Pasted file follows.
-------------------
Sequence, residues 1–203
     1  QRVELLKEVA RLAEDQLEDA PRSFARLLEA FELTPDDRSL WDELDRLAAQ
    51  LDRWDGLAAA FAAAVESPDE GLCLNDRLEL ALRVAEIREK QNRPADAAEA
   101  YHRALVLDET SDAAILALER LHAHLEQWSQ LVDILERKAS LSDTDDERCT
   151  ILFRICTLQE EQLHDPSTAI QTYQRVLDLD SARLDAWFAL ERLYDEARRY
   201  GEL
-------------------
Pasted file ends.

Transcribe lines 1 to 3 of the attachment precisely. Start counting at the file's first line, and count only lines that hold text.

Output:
Sequence, residues 1–203
     1  QRVELLKEVA RLAEDQLEDA PRSFARLLEA FELTPDDRSL WDELDRLAAQ
    51  LDRWDGLAAA FAAAVESPDE GLCLNDRLEL ALRVAEIREK QNRPADAAEA